The Tutu meeting and others with Thabo Mbeki and Oliver Tambo triggered our unrelenting action that ended only years later with Mr. Mandela serving as president of South Africa and apartheid relegated to the dust bin of history.
Our role – and it was part of a larger process – was possible only because it was sustained and strongly supported by the people of Canada. Few initiatives met with such wide approval and appreciation as the determination of the government and all parties in Parliament to assist by every conceivable means in securing the freedom of this iconic and supremely consequential leader.
The battle was sometimes difficult and often challenging and it led to bruising exchanges with valued friends such as Margaret Thatcher and Ronald Reagan, but also to the discovery, for example, of the principled and courageous leadership of Australia's Bob Hawke, Zambia's Kenneth Kaunda and India's Rajiv Gandhi.
Slowly the ground began to shift. Our case was made in every forum, some marked by outright hostility at Commonwealth meetings in Vancouver and Kuala Lumpur and others that featured the search for a reasonable compromise, such as the elegant private dinner at Buckingham Palace for seven Commonwealth leaders under the persuasive personal guidance of the Queen.
Eventually, as well, we were able to ensure that Mr. Mandela was included on all G7 agendas and became the highlight of UN General Assembly focus and attention.
And so it happened that, holding my four-year old son Nicolas in my lap, I watched in my den on the second floor of 24 Sussex Dr. as Nelson Mandela walked out of prison on Sunday, Feb. 11, 1990, almost 27 years after being sentenced to life in prison.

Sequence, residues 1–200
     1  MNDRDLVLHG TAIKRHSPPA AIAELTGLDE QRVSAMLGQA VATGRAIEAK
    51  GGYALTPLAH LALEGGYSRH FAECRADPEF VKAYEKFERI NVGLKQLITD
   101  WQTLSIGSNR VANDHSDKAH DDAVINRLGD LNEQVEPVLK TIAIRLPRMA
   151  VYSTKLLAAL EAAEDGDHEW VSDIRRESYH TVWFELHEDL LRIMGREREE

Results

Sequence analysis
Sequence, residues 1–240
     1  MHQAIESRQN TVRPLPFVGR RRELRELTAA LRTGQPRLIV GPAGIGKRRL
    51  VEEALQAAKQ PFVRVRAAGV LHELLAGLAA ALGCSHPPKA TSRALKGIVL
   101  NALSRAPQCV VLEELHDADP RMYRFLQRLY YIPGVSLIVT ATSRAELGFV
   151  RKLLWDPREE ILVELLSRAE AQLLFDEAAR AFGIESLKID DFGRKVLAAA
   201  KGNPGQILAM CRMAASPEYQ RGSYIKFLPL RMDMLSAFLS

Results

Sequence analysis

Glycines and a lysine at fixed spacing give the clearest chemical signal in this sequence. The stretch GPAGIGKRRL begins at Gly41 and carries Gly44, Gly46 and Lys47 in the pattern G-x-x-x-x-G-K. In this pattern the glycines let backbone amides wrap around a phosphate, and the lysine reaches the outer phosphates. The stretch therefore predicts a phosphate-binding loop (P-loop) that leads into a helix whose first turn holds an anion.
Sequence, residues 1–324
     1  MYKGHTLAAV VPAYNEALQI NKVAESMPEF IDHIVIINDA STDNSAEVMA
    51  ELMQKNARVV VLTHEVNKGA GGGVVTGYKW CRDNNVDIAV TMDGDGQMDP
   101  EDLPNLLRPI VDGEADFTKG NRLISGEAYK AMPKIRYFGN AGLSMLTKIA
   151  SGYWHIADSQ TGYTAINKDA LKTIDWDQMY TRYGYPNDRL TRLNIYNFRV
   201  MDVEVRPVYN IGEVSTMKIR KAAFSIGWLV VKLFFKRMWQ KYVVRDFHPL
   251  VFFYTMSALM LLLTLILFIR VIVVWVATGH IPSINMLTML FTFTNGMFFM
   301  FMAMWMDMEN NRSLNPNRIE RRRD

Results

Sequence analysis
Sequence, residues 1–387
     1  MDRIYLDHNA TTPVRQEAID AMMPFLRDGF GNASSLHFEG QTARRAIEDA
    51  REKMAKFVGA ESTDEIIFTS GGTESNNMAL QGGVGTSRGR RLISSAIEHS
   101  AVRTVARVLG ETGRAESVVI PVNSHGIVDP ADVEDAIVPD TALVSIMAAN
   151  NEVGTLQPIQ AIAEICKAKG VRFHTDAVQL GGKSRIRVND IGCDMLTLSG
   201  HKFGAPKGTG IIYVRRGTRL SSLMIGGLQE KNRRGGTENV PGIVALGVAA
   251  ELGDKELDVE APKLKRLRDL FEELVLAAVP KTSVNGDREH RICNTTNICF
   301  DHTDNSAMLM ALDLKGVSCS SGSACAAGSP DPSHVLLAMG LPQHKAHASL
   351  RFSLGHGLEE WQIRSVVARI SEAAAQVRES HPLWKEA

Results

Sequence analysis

The next day, we spoke and he said: "There could have been no greater tangible evidence of friendship than your concern for me and my family and the strong action you and the government of Canada took while I was in jail to help us defend the interests of the new South Africa we want to build."
Because of the tremendous support he had received from Canada and our people, he concluded, he would like to make his first formal speech in a legislature after his release to a free Parliament in Ottawa.
Within a few months, as I watched him speak to the House of Commons – compelling, courageous, dashing, witty and brave – I knew that he would forever leave a major impact on the conscience of all people and nations around the world who valued liberty and freedom.
And I was pleased as well to have said in rebuttal to prime minister Thatcher at a meeting: "Margaret, in this great moral cause, I am going to place Canada clearly on the right side of history."
As I listened to Mr. Mandela's eloquent and moving tribute to Canada and her people that day, I knew that we all had succeeded.
Brian Mulroney has been appointed as a gold member of the Order of the Companions of O.R. Tambo, the highest South African honour for foreign citizens for his work against apartheid.